Hi Rachel! Thanks for your comment and glad you’ve had success with enemas. It is my opinion that this should be a safe practice, given that it is low volume and simply warm, salted water. If you feel terribly apprehensive, you could always wait until after the 12 week mark, but I believe it’s something i would use personally if I needed it during my pregnancy. Hope that helps!

  15. says

    Contemplate adding full grains, fruits, entire grains bread
    and greens that are higher in fiber to your diet regime.
    The affected person will also require to undertake continuous examine-ups in order to observe the veins in the
    anal sphincter.

  16. Abby says

    We have just started the GAPS diet with our 2 1/2 yo son. I have done the coffee enemas and have found them to be very helpful. I was wondering if it was possible to do them with our son? If so, how much coffee could be used to brew. I have looked at this online and have found that some say yes and some no. Thanks!

    • says

      Hi Abby! Glad you have found these useful for yourself. There is no easy answer when it comes to the age at which coffee enemas can start- just like most things, it will depend on the situation and the child’s health. I do know that plain water enemas (with a bit of sea salt) can be safely used on even infants (done gently with a blue nasal bulb) to ease constipation, so those should be totally fine with a 2 1/2 year old. These are typically what most of my clients use with their little ones. However, if you feel you’d like to try the coffee with him, perhaps a highly diluted amount would be a good idea to start (say, 1/4 of the normal amount) and only after doing some plain water enemas to see how he responds (meaning, I wouldn’t do a coffee enema the first time ever). Ultimately, you know your child better than anyone else and you are the best judge of how he might respond to this therapy. In the big picture, coffee enemas are very safe compared to most any conventional treatment, especially when diluted and used sparingly. I hope this has been helpful, and I am sorry there is a not an easy clear-cut answer. I’d be happy to talk with you further about your specific concerns during a Q & A session- just email me ( or call the office (860-325-0697).

  17. says

    Wow, some of those comments are long…I didn’t read them all, but wanted to say a couple of things. I am a Certified Rehab RN working in Spinal Cord Injury, so I have a LOT of experience with MANY kinds of enemas and suppositories…you may or may not understand why.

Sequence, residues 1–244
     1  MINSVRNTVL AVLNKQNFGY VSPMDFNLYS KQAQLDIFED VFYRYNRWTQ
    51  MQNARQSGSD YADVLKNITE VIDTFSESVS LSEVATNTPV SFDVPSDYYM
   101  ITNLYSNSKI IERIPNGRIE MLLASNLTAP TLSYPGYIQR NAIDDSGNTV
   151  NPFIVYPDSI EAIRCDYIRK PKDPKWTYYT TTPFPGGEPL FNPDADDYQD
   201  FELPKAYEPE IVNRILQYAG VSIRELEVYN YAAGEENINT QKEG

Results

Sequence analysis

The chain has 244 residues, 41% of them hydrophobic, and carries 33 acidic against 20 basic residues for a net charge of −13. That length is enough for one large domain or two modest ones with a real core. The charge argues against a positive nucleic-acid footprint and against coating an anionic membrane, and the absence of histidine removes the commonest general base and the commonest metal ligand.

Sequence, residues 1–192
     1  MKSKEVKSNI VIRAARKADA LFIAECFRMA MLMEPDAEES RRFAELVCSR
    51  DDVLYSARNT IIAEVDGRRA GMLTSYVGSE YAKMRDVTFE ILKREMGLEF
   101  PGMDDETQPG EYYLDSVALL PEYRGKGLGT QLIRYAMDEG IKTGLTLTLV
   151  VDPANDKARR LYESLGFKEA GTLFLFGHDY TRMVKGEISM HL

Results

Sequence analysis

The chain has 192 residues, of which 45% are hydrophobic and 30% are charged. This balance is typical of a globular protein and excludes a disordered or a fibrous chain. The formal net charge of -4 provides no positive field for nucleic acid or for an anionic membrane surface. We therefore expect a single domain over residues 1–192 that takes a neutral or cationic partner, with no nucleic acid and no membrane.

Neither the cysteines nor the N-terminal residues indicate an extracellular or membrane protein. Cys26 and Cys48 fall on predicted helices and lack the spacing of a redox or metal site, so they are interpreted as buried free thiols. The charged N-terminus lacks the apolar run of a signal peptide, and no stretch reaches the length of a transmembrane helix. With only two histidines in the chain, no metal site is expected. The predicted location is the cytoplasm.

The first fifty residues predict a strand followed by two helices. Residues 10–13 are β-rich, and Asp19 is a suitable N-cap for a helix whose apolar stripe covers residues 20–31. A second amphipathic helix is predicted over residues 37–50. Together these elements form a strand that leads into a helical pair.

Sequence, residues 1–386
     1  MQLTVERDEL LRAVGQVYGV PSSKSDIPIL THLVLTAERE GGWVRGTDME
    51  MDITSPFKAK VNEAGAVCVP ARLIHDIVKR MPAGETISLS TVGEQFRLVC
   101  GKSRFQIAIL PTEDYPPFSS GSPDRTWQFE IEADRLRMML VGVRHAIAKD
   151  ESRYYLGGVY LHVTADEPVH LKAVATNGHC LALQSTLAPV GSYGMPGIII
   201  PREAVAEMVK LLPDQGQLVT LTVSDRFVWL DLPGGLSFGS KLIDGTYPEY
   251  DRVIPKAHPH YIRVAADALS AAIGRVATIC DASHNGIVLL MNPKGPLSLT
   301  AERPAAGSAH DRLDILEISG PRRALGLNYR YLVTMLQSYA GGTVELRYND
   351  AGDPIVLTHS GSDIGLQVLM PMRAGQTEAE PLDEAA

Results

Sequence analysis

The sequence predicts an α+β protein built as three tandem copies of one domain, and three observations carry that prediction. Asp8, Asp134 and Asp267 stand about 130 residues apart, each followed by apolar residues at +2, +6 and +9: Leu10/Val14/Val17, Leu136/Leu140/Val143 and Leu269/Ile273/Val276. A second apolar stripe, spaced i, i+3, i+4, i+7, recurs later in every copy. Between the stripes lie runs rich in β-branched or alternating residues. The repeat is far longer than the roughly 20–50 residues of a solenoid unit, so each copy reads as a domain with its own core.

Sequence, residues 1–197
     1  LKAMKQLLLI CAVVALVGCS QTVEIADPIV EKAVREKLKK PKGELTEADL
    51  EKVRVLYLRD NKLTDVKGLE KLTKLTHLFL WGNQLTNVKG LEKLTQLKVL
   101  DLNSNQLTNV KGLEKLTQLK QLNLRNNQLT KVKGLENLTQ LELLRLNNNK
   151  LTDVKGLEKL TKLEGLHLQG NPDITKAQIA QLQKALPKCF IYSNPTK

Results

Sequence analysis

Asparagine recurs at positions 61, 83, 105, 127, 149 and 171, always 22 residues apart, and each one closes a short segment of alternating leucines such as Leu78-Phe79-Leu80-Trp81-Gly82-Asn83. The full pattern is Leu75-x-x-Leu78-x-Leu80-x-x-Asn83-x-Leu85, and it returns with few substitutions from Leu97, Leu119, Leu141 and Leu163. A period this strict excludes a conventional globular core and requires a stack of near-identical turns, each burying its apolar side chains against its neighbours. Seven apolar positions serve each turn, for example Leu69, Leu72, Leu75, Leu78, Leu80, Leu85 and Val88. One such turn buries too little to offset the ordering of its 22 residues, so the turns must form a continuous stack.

*About coffee enemas: something that you did NOT mention that is of vital importance is WHY coffee enemas are so good for migraines, energy, focus, etc. The coffee itself is only a small part, but it’s the caffeine that does most of the work. The lighter the coffee roast, the more caffeine. Instilling coffee directly into the rectum is like mainlining caffeine. The mucosal lining of the rectum absorbs a LOT…it’s why in european countries, they give so many medications rectally. It’s also why it affects the organs so quickly…it doesn’t have to pass through your digestive system, it just goes directly into the blood stream. SO…if you have trouble with sleep or are sensitive to caffeine, you may need to use a LOT of caution. More emphasis on kids…if you won’t let your kid drink a 32oz coffee because you don’t want them having that much caffeine…you may want to rethink the coffee enema. Dehydration and electrolyte imbalance are no giggling matter, but they’re serious considerations when introducing that much caffeine.

    *You are absolutely right to suggest asking your doctor before going on a regular enema routine. There are fantastic enemas and suppositories out there that are safe for daily use, and there are ones that can really mess you up if you use them every day…doing a tap water enema every single day can cause irriversable damage. I have seen it with my own eyes. Your electrolytes get so thrown off that it causes altered mental status and if not rectified immediately, can cause permanent brain damage.

    YES, these enemas should be more widely accepted and the “ick-factor” should be driven far away. I know better than anyone how important it is to think about things below the bellybutton, but please do not go blindly into the world of enemas.

    Educate yourself. Go to a saavy doctor. Ask questions. Get blood work. I’m a Primal RN, and I’m listed on the Primal Docs website. Use it.

  18. Diane says

    I have been wanting to start these again. I did coffee enemas for the first time last summer as part of a liver detox. I watched videos on how to prepare the coffee as well. I’m glad that someone addressed the electrolyte issue. Probably not a big deal unless you are doing a lot of them, but drinking some coconut water afterwards and/or a mineral supplement is a good idea.

    And actually it’s not a bad idea to just plan on making it a time to relax, so you can have some music or a book to pass the time.

    My vision actually improved! And I ended up having to get my prescription changed and get new glasses. I’m looking forward to getting started on them again. I’m having some skin break outs and that is usually another indication that the liver could maybe use some support.